Freedom of speech, religious liberty, abortion, gender issues costly for Labor

religious liberty

Well, he did it. Bill Shorten snatched defeat right out of the jaws of victory.

Which is all the more embarrassing when you remember how he formerly introduced himself to Arnold Schwarzenegger as Australia’s next Prime Minister.

But, incredibly, not only did all of the media pundits get the election result wrong, but so did our nation’s leading betting agency.

Because according to The Australian, the only other people to lose as much as The Australian Labor Party, were Sportsbet. As Brighette Ryan wrote:

It has been an expensive federal election night for betting agency Sportsbet, which has had to pay out both Labor and Liberal punters.

On Thursday, the agency opted to pay out all bets on Labor, in a strong signal the race was already over.

Over $1.3 million was paid out to those who threw money behind Labor and its leader Bill Shorten, with someone walking away with a $128,000 win.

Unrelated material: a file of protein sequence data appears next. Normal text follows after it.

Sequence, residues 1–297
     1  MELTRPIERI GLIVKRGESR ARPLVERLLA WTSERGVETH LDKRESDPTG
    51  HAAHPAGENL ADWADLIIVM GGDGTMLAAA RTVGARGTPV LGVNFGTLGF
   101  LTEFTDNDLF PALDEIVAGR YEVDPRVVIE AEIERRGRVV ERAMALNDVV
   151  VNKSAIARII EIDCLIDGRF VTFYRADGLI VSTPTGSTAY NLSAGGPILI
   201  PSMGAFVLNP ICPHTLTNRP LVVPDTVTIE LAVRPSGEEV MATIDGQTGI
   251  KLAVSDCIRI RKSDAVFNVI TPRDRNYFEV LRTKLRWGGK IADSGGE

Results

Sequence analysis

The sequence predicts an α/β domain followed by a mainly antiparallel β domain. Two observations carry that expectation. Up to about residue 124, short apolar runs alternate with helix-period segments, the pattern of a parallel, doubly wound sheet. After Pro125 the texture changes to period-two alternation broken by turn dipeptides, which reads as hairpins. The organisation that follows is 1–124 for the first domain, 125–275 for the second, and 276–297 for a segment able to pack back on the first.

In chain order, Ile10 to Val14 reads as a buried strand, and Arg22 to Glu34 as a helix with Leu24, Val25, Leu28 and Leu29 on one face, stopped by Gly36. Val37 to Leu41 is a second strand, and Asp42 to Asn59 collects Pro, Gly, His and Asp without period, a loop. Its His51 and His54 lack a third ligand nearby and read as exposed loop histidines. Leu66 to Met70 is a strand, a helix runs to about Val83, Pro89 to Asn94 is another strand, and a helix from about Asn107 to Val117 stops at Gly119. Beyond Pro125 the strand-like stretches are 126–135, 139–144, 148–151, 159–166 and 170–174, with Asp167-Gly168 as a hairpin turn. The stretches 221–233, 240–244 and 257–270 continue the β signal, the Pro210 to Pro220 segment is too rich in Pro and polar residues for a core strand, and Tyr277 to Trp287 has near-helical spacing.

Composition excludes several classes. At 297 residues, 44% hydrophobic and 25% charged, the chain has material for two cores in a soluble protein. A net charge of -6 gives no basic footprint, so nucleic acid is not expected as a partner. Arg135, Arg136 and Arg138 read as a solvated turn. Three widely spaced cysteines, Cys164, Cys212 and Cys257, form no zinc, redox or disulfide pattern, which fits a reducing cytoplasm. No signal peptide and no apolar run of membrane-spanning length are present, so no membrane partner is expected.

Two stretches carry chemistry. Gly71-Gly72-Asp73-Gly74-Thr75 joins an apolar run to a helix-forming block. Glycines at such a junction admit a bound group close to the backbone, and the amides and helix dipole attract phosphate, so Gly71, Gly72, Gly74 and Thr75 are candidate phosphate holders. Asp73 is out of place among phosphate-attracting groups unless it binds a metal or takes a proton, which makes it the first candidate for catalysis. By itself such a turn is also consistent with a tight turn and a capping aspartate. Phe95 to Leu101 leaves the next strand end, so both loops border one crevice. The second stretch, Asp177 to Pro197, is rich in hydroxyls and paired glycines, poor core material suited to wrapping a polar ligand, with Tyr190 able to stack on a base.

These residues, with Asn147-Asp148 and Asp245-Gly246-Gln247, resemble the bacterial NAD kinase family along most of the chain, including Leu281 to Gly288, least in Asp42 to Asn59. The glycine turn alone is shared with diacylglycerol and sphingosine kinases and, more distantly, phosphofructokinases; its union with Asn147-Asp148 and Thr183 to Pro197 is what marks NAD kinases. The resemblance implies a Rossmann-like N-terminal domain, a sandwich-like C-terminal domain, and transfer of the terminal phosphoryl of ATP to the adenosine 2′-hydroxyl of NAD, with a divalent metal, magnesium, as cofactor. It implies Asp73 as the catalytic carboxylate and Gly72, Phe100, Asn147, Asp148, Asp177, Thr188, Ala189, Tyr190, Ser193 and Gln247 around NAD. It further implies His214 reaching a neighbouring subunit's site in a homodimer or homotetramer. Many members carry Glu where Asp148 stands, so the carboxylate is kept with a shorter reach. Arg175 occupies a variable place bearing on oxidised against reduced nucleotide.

Sportsbet were obviously not alone in suffering from a bad case of The Bradley Effect.

The illustrious Peter van Onselen predicted that Labor would win 86 seats, whereas Waleed Aly went with a more conservative 81.

Although, he somewhat presciently alluded to the victory of Trump in 2016 when pressed with the question as to whether or not there was any way for Morrison to win: “Waled Ally predicts @australianLabor to win around 81 seats”.

But before analysing the decalogue of reasons why Labor lost, we should all honour Rowan Dean—our leader at The Spectator Australia—who was the only media pundit that had the courage and foresight to predict a Coalition win.

As Dean tweeted all the way back in April: “49-51 As I and I aloen have said for the last six months, Scott Morrison can and will win this election.”

Unfortunately, Dean never really explained why he was so sure about his bold prognostication. But what follows are ten reasons why Sportsbet—and every other media polling agency in the country—got it so wrong. Continue reading

  • Image: Courier Mail
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